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Tomb of Rumi (Molana in Persian) in Konya is a major attraction for Iranian tourists.
Tomb of Rumi (Molana in Persian) in Konya is a major attraction for Iranian tourists.

Iranians Flock to Turkey

Despite terror threats, Turkey remains the top foreign destination for Iranians due to its affordability and accessibility

Iranians Flock to Turkey

Iranians' love of travel is well known and the passion they have for traveling to Turkey is unrivaled.
In the course of the past year-and-a-half, Turkey has been the subject of all forms of terrorist attacks and security problems: Suicide bombings in crowded places, shootings at Ataturk Airport, a coup attempt—you name it.
Most countries have upgraded their security alert for Turkey, including Britain and the US, in view of the high terrorism threat in the Near East country, ISNA reported.
Following the failed coup attempt by a small faction of the Turkish military in June, Iran suspended flights to the neighboring country for a day and placed a month-long ban on organized tours to Turkey.
The only other measure taken by Iranian officials in response to terror threats in Turkey was taken earlier this month when Iranian consulates closed for a day and tourists were asked to avoid any non-essential travel to Turkey following the assassination of Russia's ambassador in Ankara, Andrey Karlov, by an off-duty policeman.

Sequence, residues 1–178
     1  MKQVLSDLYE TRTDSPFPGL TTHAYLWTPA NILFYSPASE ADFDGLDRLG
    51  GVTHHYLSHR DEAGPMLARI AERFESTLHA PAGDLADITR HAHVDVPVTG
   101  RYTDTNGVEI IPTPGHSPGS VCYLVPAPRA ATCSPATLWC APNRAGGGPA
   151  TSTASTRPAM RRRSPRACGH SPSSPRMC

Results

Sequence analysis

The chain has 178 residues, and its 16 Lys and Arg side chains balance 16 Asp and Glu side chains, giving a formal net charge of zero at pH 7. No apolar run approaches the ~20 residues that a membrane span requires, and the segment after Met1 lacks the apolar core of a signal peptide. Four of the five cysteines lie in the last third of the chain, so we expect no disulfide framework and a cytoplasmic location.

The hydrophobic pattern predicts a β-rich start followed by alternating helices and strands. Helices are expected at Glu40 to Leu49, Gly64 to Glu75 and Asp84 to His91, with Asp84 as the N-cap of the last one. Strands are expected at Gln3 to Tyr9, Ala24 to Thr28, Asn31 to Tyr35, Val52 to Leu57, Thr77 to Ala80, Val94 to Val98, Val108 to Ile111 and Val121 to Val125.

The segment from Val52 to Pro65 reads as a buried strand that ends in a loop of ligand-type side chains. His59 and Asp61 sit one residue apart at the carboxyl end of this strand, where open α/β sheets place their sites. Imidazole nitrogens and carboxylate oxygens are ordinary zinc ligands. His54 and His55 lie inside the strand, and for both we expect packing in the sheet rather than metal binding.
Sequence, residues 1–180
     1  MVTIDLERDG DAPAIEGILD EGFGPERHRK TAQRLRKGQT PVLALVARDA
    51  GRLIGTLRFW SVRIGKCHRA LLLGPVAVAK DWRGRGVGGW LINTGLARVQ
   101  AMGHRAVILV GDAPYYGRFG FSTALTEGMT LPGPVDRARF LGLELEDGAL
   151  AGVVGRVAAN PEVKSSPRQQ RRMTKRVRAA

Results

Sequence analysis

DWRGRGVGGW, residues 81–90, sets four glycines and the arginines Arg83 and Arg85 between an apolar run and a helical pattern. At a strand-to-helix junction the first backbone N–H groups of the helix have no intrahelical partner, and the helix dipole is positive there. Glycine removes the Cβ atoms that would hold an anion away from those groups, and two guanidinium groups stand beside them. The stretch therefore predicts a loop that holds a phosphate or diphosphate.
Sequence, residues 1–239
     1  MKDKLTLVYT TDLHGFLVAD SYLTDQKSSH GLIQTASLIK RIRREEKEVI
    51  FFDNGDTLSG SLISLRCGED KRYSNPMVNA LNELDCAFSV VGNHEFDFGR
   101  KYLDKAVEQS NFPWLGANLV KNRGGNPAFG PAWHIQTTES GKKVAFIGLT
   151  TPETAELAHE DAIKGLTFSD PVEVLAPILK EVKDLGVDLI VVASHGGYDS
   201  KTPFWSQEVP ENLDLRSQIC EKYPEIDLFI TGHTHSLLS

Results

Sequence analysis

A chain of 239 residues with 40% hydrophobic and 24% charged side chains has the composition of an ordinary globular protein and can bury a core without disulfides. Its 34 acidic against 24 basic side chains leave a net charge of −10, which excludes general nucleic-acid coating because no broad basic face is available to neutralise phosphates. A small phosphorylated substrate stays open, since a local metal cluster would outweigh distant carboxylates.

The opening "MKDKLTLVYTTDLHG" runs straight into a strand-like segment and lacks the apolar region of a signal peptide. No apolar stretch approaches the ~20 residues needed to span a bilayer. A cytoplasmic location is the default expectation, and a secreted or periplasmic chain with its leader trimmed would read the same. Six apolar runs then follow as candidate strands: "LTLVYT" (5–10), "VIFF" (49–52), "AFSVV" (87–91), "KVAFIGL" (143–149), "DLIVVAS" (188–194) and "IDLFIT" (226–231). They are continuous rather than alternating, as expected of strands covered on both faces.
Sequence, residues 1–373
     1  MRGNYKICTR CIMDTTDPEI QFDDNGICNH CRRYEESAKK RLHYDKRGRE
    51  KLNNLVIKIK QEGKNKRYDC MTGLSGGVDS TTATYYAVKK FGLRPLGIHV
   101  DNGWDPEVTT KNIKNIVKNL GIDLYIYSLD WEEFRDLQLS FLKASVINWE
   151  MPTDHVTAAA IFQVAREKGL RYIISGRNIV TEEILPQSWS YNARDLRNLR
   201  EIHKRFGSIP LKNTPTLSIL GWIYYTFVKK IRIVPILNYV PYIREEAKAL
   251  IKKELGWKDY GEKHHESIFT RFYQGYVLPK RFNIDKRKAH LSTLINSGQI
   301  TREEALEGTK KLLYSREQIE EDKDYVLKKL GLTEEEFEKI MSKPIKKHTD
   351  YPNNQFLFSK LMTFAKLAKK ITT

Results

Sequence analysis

Despite everything that has transpired in the past few months, Turkey is still the top foreign destination for Iranians. According to Babak Nematpour, an Iranian tour guide in Konya, even at this time of the year when the temperature plummets to as low as -5 degrees Celsius, Iranians still visit the industrialized city.
"A lot of Iranians come here to commemorate the death anniversary of Rumi (eminent Persian poet who died on December 17, 1273). They're keeping the city alive while Europeans have abandoned it," he said.
"Although the numbers have dropped compared to the past few years due to recent developments in Turkey, some 2,500 Iranians visited the city between Dec. 8 and 18 this year."
According to Riza Hakan Tekin, Turkey's ambassador to Iran, inbound tourism from Iran suffered as a result of Tehran's ban on tours earlier this year, leading to a 30% decline in numbers in Jan.-Sept. period compared to a year ago.
"Some might have canceled their trips for personal reasons, but without a doubt the main cause of the 30% drop in the number of Iranian tourists was the ban," he said.
The number of Iranian tourists, however, has been rising steadily in the past two years from 1.6 million in 2014 to 1.7 million in 2015.
Turkey is accessible (tens of weekly flights), affordable and convenient, thanks to the visa waiver agreement between Tehran and Ankara.
Iran is an important market for Turkey, and for good reason: No matter what happens, Iranians still prefer to travel to the neighboring country than opt for alternative destinations.

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